While the classic 21s protocol has lifters using a barbell or EZ-bar to perform the curls, there's no reason you can't flip the script and use another implement or stance to get pumped. This version from Men's Health fitness director Ebenezer Samuel, C.S.C.S. puts you in a position to make sure that all that volume doesn't wind up ruining your reps.
"Bicep curl 21s are one of the most proven ways to give your guns a quick pump; but very often, people don't maintain consistent form," says Samuel. After the initial first seven reps (from the bottom to the midpoint of the curl), things very often get sloppy."
The solution? Take away any chances that would allow you to cheat. "The spider curl generally puts you in ideal position to really squeeze your biceps; by doing it 21s-style, you'll find yourself getting optimal biceps contractions," he says. "Now you not only get to slow down each stage of the curl; you really have to."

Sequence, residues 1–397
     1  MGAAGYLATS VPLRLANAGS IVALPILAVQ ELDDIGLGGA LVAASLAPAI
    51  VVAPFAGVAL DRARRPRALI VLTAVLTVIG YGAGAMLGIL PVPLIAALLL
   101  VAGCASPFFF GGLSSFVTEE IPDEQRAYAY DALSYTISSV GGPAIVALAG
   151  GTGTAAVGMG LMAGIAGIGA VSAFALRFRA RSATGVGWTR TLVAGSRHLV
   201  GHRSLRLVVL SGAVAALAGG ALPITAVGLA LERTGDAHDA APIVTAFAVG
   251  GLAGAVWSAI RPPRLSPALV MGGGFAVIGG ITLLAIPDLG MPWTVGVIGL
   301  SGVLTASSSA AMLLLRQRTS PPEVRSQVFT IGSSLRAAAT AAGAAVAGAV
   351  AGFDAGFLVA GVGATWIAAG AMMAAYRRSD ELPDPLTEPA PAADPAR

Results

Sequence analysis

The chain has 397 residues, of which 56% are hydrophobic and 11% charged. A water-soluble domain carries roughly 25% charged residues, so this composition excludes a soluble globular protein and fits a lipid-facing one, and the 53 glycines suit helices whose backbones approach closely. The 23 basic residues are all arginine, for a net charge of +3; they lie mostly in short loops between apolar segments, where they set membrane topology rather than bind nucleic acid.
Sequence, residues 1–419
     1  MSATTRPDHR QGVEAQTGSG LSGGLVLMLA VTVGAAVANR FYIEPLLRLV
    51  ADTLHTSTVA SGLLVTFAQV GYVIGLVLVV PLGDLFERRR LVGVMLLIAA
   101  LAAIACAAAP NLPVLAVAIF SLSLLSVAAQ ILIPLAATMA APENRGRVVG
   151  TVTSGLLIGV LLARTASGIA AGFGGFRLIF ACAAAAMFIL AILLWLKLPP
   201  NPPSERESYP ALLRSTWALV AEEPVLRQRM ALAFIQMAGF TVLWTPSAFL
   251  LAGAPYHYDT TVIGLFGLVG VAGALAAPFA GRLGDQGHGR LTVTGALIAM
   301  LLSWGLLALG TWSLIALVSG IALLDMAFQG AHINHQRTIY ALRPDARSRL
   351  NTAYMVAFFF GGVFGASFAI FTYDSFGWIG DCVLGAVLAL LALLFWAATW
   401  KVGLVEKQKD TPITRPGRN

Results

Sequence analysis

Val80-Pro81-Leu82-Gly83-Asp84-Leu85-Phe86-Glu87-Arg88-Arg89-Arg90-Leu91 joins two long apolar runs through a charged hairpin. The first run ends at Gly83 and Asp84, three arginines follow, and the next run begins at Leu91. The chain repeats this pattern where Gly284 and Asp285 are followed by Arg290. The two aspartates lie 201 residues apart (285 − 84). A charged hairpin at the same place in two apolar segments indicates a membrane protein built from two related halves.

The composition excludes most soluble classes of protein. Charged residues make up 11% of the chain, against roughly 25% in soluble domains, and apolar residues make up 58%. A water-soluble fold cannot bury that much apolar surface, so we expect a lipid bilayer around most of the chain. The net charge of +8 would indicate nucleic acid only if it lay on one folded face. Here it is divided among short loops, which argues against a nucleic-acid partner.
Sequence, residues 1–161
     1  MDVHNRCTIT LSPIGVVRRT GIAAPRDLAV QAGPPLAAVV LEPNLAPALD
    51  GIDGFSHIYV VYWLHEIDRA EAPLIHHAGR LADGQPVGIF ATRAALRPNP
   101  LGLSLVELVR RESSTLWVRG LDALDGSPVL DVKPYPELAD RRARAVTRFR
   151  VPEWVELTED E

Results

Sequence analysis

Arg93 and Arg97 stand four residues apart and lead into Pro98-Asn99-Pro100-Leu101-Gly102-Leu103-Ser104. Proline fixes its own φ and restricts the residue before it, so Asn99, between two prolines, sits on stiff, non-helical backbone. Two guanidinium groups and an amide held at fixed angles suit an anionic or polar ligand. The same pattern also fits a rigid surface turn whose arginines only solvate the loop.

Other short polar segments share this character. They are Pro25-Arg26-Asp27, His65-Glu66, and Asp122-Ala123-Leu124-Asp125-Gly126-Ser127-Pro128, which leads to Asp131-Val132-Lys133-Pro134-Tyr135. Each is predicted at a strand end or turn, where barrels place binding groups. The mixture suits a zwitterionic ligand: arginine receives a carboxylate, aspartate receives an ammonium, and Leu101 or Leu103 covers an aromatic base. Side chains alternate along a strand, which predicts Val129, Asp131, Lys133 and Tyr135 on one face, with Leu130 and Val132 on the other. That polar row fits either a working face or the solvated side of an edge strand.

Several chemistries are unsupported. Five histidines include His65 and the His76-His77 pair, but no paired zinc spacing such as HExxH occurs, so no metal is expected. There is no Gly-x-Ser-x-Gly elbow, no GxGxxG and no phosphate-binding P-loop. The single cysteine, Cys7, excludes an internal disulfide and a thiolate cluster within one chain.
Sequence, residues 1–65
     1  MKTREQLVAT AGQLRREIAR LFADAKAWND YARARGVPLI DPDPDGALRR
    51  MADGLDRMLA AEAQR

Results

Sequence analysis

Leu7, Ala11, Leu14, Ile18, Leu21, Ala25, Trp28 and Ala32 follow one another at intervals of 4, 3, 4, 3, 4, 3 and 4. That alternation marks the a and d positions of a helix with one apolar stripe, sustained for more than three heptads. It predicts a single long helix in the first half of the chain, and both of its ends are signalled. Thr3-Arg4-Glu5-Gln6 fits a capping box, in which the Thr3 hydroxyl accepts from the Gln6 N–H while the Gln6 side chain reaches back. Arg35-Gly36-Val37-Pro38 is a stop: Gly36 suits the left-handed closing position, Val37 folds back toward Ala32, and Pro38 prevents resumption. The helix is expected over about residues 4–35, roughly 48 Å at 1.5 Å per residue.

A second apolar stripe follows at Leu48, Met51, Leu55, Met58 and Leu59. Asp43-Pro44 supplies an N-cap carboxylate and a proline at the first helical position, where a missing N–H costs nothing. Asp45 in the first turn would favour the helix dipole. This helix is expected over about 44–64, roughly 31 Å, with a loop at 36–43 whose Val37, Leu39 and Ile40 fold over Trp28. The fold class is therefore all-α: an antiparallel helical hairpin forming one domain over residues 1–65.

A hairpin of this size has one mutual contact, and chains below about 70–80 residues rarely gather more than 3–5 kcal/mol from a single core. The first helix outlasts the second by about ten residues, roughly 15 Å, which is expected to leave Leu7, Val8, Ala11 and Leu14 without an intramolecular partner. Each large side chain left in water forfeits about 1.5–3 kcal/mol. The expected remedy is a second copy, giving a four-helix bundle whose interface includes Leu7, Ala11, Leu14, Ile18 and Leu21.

To take on spider curl 21s, you'll need an adjustable bench and a set of dumbbells. If you need a pair, check out this option from Bowflex.
See the full workout below.
- Lean your chest on the back rest of the bench, holding a dumbbell in one hand. Don't sit on the seat, and keep your pecs above the top of the bench.
- Perform 7 curl reps, squeezing your biceps to raise the weight until your forearm is parallel with the ground.
- Immediately move on to 7 curl reps, lifting from a 90 degree angle at the elbow to the top.
- Finish with 7 reps of full curls.
The biggest challenge will be hitting the middle curls the right way. "As long as you don't rock your upper arm back and forth, your biceps wind up driving the motion in almost complete isolation, since your forearms and brachialis, key drivers early on in any biceps curl, can have only limited involvement here," says Samuel. Focus on keeping yourself stable to combat any shakiness.
Since form is so important and you're performing a ton of reps, you don't have to load up on weight for this routine. Do 2 sets per arm, without a break between them—since each full set should take around one minute, so you can work back and forth between arms (a full set of 21s one side, then the other) without rest, and each arm still has time for recovery.
This article originally appeared on Men's Health